This article is based on a text prepared by Tara Prindle for
a program on splint basketry sponsored by NIAC, Inc at the Connecticut Historical Society,
where they shared a viewing of several Nipmuc baskets in their collection. Some interpretations
and designs in this article, like the original text, are gratefully adapted from the
authoritative source on Native splint basketry: A Key into
the Language of Woodsplint Baskets, edited by Russell
G. Handsman and Ann McMullen, published in 1987 by the American
Archaeological Institute in Washington, CT. The articles authored
therein by Lester, McFeat, McMullen, Tantequidgeon & Fawcett,
and Turnbaugh & Turnbaugh were particularly useful in preparing
I am indebted to Joan Luster, Nipmuc Indian and to Dr. Russel G. Handsman, anthropologist, for giving me a cherished appreciation for the unique
qualities of Native American Basketry.
I am indebted to Joan Luster, Nipmuc Indian and to Dr. Russel G. Handsman, anthropologist, for giving me a cherished appreciation for the unique qualities of Native American Basketry.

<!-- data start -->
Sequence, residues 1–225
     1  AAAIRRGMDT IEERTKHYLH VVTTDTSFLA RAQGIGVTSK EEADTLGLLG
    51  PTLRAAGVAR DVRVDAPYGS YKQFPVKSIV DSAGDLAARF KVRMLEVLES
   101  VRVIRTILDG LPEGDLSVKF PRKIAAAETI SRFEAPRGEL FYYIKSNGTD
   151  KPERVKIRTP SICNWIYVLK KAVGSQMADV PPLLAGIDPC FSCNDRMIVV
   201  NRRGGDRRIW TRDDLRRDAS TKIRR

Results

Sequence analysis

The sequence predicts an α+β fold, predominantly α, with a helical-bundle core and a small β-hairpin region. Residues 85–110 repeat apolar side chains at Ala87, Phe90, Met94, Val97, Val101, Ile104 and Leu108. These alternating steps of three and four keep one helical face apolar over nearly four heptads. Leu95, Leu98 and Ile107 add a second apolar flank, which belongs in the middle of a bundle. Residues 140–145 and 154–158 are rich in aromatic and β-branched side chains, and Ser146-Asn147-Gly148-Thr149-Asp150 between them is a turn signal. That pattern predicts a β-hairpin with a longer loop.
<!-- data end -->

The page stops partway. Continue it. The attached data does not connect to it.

A Key into the Language of Woodsplint Baskets
1970 Historical Collections of the Indians in New England. J.H. Fiske, ed. London: Towaid. (First published 1674).
1915 Decorative Art of Indian Tribes of Connecticut. Anthropological series 10. Memoirs of the Canadian Geological Survey 75. Ottawa, Ont: Canadian Department of Mines.
1947 Eastern Algonkian Block-Stamp Decoration: A New World Original or an Acculturated Art. Addendum by Eva Butler. Trenton: Archaeological Society of New Jersey.
1980 The Archaeology of New England. New York: Academic Press.
1973 A Key into the Language of America. J.J. Teunissen and E.J. Hinz, ed.s. Detroit: Wayne State University Press. (First printed 1643).
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